Megan Porta  23:55

Yeah, I think that’s really important to the passion has to be there. You can only go so long if you’re doing something that doesn’t involve passion, I believe. And then going back to the consistency thing, one thing that I used to do because I’m I used to be the worst at just like working and working and working and never stopping and then burning out and I’d be like, oh, what just happened? Oh, that’s right. Yes, happened last month, so that I would take a week off. And it was ridiculous. So I had to start kind of putting restraints on myself. And one of the things I did was, I would act like I was a really strict parent of me. And I would do things like take Facebook off my phone, take Instagram off my phone for a period. I don’t have email on my phone anymore. I would start giving myself timers. So like you have five to 10 minutes a day on Instagram and I would literally set a timer and I still do this. And that really helps me to just be consistent and make sure I’m using my time wisely. Is there anything along those lines that you do just to make sure you’re staying on track with things.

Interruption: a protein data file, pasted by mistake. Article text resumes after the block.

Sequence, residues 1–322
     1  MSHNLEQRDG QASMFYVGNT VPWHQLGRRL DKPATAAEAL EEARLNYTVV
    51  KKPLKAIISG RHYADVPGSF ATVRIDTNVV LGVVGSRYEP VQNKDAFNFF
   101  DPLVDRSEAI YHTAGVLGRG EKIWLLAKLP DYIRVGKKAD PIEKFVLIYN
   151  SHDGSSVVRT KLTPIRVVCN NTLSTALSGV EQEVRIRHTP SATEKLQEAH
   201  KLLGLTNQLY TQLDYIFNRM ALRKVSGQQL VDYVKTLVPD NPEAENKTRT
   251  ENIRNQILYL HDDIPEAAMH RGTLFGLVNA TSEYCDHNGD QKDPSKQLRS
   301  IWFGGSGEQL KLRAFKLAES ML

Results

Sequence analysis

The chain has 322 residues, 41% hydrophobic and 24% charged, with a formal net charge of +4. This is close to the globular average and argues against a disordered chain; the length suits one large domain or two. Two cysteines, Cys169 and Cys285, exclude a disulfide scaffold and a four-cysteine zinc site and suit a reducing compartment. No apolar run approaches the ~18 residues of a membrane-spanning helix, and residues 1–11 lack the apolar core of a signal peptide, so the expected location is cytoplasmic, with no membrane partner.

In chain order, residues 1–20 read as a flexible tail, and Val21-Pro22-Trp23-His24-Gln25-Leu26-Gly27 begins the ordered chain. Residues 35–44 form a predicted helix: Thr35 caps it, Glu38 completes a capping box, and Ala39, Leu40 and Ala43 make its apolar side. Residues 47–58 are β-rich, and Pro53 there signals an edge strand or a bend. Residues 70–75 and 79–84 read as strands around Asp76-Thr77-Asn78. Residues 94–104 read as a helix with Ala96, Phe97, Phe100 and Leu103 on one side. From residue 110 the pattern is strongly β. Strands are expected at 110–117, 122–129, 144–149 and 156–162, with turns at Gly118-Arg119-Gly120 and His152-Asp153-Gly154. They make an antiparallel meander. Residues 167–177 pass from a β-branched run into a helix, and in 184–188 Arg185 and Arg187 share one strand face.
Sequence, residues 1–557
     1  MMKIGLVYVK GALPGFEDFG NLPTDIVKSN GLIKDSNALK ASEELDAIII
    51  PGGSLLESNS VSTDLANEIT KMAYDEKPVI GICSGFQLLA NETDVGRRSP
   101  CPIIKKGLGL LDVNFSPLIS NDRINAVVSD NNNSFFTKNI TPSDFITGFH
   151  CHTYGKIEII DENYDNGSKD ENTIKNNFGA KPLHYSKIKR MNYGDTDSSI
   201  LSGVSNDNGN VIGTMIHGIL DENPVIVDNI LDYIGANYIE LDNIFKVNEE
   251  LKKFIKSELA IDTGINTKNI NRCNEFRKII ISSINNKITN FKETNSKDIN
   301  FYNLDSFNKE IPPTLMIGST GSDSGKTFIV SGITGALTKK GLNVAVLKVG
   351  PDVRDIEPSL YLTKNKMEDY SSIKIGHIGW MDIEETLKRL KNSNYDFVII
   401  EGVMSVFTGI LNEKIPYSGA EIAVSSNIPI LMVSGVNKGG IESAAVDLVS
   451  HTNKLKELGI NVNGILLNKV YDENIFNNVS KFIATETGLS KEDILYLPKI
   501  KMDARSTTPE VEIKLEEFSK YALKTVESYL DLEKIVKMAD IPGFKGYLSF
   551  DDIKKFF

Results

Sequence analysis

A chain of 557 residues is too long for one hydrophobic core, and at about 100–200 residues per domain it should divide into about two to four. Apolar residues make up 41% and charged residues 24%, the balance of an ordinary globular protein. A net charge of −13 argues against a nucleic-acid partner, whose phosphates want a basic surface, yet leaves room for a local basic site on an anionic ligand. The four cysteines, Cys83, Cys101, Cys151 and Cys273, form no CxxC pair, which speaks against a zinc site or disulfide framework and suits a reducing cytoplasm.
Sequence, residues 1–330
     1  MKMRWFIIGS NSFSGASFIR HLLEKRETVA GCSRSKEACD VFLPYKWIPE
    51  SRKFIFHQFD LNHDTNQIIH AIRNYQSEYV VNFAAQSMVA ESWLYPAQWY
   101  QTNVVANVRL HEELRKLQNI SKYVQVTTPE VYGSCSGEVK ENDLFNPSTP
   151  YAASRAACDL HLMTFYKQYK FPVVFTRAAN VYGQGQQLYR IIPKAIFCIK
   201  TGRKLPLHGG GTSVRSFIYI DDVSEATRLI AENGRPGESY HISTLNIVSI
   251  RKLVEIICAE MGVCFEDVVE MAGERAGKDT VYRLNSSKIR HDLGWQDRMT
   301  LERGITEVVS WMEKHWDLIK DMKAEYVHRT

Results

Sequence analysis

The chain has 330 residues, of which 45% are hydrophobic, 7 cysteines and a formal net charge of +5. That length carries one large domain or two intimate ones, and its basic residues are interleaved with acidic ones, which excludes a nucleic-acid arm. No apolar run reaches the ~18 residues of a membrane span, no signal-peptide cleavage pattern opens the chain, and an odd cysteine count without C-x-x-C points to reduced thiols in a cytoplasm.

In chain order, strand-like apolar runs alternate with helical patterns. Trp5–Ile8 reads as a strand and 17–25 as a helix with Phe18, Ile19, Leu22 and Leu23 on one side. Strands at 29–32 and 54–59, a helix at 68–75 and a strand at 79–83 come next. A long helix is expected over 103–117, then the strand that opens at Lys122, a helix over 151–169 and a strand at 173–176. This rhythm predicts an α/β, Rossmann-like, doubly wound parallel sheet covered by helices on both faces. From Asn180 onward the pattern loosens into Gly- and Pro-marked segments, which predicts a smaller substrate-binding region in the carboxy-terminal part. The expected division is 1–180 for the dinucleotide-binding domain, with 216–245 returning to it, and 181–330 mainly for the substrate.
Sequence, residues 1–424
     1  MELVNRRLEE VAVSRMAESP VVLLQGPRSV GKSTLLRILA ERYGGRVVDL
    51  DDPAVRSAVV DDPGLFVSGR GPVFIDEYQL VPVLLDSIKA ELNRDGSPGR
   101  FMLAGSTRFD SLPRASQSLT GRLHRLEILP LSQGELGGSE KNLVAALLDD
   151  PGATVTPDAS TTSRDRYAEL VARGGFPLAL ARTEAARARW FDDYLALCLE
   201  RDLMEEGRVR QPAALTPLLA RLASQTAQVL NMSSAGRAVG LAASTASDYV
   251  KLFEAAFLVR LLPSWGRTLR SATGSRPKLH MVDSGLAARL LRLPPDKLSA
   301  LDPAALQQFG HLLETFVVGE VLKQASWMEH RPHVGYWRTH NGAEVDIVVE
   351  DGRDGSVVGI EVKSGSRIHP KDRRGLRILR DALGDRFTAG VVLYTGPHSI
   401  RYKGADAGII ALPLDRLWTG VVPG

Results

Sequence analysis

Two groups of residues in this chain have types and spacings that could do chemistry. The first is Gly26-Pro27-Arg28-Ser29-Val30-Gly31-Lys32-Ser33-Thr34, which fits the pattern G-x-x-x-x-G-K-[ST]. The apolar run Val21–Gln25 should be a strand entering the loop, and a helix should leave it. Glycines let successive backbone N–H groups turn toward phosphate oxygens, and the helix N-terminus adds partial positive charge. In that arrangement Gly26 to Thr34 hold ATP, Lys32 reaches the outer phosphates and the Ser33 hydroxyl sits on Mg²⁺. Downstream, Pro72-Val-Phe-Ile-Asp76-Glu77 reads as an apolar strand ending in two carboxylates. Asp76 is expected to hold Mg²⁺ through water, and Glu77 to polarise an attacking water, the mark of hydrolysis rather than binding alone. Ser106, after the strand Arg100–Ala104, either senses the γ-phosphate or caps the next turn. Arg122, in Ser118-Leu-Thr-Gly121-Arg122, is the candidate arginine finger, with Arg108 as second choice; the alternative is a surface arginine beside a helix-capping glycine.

Elizabeth Emery  25:01

Yeah. Well, firstly, Megan, I wish I had your strictness. I frequently set timers and then go slightly over them. But I do try to do that. But I think the part I’m really good at is, I always take weekends off like that is a no brainer for me, I have to have weekends, I’d love it. But I also work really, really intentionally to try and only work four days a week. So I really try and take Friday’s as well. And it doesn’t always work out. Sometimes I do have to do a little bit of work on a Friday. But I plan my schedule, so that I can try and fit everything in, in Monday to Thursday. And Friday, I just kind of have time for me time for chores to get other things done. If I do a bit of work. I don’t mind because I feel like it’s my choice. And I feel very fortunate to have been able to plan it that way. And it’s taken years to get to that point. But it was through working with my business coach that I realized like, I would really if I can avoid it, I’d really prefer not to work five days a week, I’d rather condense my work into four days and actually take that fifth day off and go and do something else. And that has been a huge game changer for me. I’m a big proponent of a four day workweek. Yeah, I wish a wish it were universal. I wish everyone could do it. Because I do think we’re a lot better off.